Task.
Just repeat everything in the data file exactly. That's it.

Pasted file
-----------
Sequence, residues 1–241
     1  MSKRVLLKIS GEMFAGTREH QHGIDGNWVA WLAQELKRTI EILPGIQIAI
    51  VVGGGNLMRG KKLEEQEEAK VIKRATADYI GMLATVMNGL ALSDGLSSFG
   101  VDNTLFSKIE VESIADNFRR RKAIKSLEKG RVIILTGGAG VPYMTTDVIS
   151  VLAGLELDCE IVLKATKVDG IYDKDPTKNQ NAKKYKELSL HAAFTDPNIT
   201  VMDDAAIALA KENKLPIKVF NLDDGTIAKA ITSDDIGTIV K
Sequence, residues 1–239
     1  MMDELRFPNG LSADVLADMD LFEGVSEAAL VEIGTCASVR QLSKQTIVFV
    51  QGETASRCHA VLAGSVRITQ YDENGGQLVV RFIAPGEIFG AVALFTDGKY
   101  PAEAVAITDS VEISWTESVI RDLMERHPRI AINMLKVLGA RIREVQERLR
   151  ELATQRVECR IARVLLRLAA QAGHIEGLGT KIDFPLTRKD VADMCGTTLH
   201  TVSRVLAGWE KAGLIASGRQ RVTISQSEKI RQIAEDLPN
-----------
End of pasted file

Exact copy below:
Sequence, residues 1–241
     1  MSKRVLLKIS GEMFAGTREH QHGIDGNWVA WLAQELKRTI EILPGIQIAI
    51  VVGGGNLMRG KKLEEQEEAK VIKRATADYI GMLATVMNGL ALSDGLSSFG
   101  VDNTLFSKIE VESIADNFRR RKAIKSLEKG RVIILTGGAG VPYMTTDVIS
   151  VLAGLELDCE IVLKATKVDG IYDKDPTKNQ NAKKYKELSL HAAFTDPNIT
   201  VMDDAAIALA KENKLPIKVF NLDDGTIAKA ITSDDIGTIV K
Sequence, residues 1–239
     1  MMDELRFPNG LSADVLADMD LFEGVSEAAL VEIGTCASVR QLSKQTIVFV
    51  QGETASRCHA VLAGSVRITQ YDENGGQLVV RFIAPGEIFG AVALFTDGKY
   101  PAEAVAITDS VEISWTESVI RDLMERHPRI AINMLKVLGA RIREVQERLR
   151  ELATQRVECR IARVLLRLAA QAGHIEGLGT KIDFPLTRKD VADMCGTTLH
   201  TVSRVLAGWE KAGLIASGRQ RVTISQSEKI RQIAEDLPN